Take a class field trip through ancient history in a video game museum

Assassin’s Creed, one of the most popular video game franchises of the past decade, is introducing a new digital experience that students and teachers will love: a virtual re-creation of ancient Egypt, complete with interactive guided tours, that’s perfect for a class field trip.

The new Discovery Tour arrives early next year as a free update for Assassin’s Creed Origins, which launches October 27 for game consoles PlayStation 4 and Xbox One, as well as PC.

“This is something we’ve wanted to do for a long time, that we’ve been asked to do by teachers, by institutions,” said Jean Guesdon, the creative director for Assassin’s Creed Origins. “Discovery Tour is another way to enjoy the beauty of the world we’ve re-created. It’s a more educative mode, so it’s clearly focused on education and on bringing to people actual facts, more academic knowledge.”

Assassin's Creed Origins Discovery Tour Mode for Education

The Assassin’s Creed series, which puts players in the role of an assassin in different time periods and countries — such as the Renaissance (Italy), Colonial era (America), and French Revolution (France) — has always dug deep into history, providing real historical information about people, places, events, and architecture as a supplement to the game experience.

But the Discovery Tour takes the assassin combat out of the equation. It’s a new game mode that is separate from the main game and re-creates Egypt through a “combat-free living museum” with interactive tours designed by historians and Egyptologists. It covers subjects such as the Great Pyramids, Cleopatra, the mummification process, and more, and players can freely explore the game world at their own pace — visiting sites like Alexandria, the Sand Sea, and the Giza Plateau.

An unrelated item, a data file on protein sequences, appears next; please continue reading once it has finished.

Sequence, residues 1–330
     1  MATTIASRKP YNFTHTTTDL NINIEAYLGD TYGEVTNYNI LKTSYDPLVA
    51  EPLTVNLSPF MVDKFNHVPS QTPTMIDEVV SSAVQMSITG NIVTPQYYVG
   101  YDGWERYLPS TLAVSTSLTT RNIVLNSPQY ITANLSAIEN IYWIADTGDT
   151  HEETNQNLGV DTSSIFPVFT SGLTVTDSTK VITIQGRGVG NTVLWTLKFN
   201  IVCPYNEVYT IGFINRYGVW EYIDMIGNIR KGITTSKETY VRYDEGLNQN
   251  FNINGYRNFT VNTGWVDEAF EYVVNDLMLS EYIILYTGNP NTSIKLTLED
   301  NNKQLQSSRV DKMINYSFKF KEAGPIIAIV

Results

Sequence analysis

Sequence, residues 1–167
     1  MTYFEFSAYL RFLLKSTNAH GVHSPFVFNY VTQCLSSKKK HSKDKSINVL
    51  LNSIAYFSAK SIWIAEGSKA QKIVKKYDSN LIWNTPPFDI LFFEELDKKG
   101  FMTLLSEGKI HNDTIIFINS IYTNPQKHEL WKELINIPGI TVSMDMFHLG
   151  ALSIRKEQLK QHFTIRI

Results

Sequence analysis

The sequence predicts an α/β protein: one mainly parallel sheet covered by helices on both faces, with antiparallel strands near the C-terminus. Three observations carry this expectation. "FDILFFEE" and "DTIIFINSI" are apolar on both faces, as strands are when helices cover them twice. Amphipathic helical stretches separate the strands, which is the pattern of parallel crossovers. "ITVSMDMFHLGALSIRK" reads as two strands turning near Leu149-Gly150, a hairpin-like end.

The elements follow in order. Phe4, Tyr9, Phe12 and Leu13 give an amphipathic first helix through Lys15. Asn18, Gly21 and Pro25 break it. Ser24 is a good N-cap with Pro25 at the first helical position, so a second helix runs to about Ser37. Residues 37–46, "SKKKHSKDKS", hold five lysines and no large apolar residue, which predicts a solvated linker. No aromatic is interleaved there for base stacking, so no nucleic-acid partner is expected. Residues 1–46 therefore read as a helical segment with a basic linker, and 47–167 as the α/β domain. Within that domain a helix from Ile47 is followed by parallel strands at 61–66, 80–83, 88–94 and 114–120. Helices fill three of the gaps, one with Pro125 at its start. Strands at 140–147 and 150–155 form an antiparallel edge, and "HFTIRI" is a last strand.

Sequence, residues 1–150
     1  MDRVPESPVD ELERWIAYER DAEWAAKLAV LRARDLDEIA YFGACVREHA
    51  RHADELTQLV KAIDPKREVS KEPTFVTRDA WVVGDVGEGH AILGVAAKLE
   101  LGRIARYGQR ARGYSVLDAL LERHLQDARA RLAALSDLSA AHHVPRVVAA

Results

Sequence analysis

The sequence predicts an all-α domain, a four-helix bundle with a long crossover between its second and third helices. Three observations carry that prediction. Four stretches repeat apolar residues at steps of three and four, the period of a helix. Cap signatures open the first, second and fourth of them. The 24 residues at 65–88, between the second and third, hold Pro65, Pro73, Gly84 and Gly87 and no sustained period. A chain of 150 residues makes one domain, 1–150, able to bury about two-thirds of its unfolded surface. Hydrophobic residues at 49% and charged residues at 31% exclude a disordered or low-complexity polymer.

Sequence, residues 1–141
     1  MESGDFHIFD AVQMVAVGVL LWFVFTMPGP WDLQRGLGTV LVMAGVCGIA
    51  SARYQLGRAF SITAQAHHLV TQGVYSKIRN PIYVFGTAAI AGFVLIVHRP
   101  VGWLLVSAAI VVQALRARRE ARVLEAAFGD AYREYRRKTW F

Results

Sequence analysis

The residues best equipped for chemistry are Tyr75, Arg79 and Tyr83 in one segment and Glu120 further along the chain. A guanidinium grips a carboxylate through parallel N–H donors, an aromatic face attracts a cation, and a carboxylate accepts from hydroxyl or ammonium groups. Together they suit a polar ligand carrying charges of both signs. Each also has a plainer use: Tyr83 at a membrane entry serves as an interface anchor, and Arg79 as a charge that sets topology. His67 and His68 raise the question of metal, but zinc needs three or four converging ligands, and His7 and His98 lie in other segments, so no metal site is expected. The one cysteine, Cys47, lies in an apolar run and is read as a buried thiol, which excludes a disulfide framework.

“We spent years recreating Ancient Egypt, documenting ourselves, validating the content with historians, with consultants, and we feel that many more people than just the players can benefit from that,” said Guesdon.

Stephanie Carmichael Stephanie is the editor-in-chief of the Classcraft Blog and the Head of Content for Classcraft (www.classcraft.com). She's a proud advocate of games for social good and loves talking with teachers about their amazing experiences in the classroom. Email her at [email protected]
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Assassin's Creed Origins, Egypt, game-based learning, history, museums
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